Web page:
The FBI estimated that the threat to U.S.-based infrastructure from the coming cyber attack is low for well-maintained and updated networks. However, as part of its program to notify private industry of major cyber threats, the FBI is notifying several possible targets.
OK, you’ve heard it over and over…don’t click on unknown links. Well, people, even smart people, don’t listen. You get an email from someone that you know, click on what is said to be a “secure” link and your adventure begins.
Now the phisher has you lured in. You’re asked to sign in. A nasty bot takes control of your computer, steals your contact list and sends everyone on your list an invitation to become infected.
- Look at the illustration at the top of this email. Be aware.
- Do not follow unsolicited web links in email messages or submit any email account or password information to unknown webpages in links.
- Use caution when opening email attachments. Refer to Using Caution with Email Attachments for more information on safely handling email attachments.
- Maintain up-to-date anti-virus software.
- Perform regular backups of all systems to limit the impact of data and/or system loss.
- Apply changes to your Intrusion Detection/Prevention Systems and Firewalls to detect any known malicious activity.
- Secure open-share drives by only allowing connections from authorized users.
- Keep your operating system and software up-to-date with the latest patches.
- Refer to the Recognizing and Avoiding Email Scams (pdf) document for more information on avoiding email scams.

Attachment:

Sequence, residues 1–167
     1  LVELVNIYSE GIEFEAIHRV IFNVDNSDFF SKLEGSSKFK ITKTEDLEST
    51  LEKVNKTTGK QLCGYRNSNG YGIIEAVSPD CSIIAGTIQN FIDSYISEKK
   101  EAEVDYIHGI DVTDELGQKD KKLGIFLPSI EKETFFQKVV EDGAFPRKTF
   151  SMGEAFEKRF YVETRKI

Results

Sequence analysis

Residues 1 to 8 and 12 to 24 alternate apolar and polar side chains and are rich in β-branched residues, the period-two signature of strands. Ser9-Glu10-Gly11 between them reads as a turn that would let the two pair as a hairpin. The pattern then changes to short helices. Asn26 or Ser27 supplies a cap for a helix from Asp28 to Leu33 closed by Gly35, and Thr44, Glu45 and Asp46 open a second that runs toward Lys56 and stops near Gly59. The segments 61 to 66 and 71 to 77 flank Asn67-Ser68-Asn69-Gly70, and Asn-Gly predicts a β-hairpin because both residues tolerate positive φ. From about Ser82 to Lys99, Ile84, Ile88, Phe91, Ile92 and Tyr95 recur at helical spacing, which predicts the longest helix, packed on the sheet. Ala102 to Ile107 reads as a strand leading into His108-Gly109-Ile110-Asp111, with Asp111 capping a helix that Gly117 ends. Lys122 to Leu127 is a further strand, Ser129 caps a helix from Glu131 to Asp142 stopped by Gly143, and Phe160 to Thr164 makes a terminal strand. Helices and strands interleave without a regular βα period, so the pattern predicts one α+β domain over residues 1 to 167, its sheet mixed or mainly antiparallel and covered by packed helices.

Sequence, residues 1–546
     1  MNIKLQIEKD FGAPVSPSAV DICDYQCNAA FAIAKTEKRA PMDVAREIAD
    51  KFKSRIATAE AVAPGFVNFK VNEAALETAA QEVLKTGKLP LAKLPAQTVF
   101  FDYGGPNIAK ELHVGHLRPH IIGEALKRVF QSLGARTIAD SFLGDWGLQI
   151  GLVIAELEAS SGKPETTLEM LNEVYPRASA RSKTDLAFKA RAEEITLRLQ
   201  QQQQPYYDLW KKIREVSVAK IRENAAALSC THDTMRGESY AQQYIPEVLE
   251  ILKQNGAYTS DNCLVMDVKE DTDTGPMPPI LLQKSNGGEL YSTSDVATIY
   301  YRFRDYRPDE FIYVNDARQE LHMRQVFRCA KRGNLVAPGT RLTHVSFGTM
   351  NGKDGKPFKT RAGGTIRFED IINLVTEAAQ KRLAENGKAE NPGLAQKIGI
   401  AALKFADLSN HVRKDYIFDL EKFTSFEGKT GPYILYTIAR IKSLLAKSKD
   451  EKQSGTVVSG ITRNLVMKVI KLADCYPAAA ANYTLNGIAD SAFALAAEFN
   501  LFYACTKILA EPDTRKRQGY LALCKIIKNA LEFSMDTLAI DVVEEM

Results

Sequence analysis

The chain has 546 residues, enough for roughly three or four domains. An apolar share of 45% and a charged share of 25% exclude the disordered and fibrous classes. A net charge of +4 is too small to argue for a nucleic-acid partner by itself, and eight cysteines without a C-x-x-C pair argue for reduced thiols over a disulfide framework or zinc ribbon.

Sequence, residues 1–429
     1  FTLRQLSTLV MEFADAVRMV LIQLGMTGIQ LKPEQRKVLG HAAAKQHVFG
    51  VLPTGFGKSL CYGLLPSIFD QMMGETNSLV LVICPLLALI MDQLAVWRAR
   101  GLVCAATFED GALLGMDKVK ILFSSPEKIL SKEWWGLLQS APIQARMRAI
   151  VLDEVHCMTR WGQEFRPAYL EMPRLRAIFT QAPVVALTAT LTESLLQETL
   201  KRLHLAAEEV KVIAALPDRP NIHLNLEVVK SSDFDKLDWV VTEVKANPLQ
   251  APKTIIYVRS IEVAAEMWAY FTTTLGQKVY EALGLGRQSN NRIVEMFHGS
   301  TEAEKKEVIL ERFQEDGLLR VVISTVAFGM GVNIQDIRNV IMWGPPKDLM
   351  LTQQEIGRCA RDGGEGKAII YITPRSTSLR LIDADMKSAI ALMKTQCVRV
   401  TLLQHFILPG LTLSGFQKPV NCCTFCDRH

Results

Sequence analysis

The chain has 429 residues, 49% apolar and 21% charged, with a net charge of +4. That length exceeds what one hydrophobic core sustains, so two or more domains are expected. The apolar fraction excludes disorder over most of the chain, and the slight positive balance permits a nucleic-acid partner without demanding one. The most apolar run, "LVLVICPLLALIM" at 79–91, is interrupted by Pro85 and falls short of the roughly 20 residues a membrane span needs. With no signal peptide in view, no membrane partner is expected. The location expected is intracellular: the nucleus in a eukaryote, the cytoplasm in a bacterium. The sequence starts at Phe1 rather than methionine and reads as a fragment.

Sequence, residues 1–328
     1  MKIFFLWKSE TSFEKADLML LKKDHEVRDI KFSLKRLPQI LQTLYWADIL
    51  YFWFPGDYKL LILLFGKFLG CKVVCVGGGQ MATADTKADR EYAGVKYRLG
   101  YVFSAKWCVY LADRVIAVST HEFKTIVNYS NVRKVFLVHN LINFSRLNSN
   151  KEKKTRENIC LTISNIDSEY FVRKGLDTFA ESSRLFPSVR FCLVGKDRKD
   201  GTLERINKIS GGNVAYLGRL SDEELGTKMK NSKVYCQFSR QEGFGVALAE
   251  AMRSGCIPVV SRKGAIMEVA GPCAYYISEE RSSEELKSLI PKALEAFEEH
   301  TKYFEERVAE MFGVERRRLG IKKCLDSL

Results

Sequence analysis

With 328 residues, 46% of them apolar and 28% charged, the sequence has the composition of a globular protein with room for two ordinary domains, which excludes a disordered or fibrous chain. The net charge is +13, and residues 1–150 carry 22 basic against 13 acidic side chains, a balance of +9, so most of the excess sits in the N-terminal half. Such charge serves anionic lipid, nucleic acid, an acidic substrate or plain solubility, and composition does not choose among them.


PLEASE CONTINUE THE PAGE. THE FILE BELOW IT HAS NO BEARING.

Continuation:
- Refer to the Security Tip Avoiding Social Engineering and Phishing Attacks for more information on social engineering attacks.
US-CERT and DHS encourage users and administrators experiencing a ransomware infection NOT to respond to extortion attempts by attempting payment and instead to report the incident to the FBI at the Internet Crime Complaint Center (IC3).
Here are some free resources to see if your computer is infected (from STOP. THINK. CONNECT.™ the global cybersecurity awareness campaign to help all digital citizens stay safer and more secure online. – See more at: http://www.stopthinkconnect.org/)
- AOL Computer Checkup
- Audit My PC
- Kaspersky Virus Scanner
- McAfee Security Scan
- Microsoft Safety Scanner
- nCircle Pure Cloud Vulnerability Scanner
- Neustar SiteProtect
- Norton Security Scan
- Panda Security Antivirus Scan
- Qualys Browser Check
- QualysGuard Malware Protection
- Secunia Personal Software Inspector (PSI)
- Sophos Free Security Tools
- Symantec Security Scan
- Trend Micro HouseCall Virus Scan
- Webroot Secure Anywhere Antivirus
For more tips about cybersecurity, check out the following non-technical publications:
The escalating drumbeat for military action naturally leads to questions about possible terrorism here in New York. Note: as of today there are no specific, credible threats against New York or the Jewish community. Nevertheless, all Jewish organizations should review their security and emergency preparedness plans to ensure that they are up-to-date and that they can be readily implemented. Some specifics:
If you are an organizations hosting High Holiday services and/or programs you should:
- Notify your local police about all planned services and programs. Discuss the number of people expected at each service and ask them for any suggestions that could improve your security and emergency preparedness plans.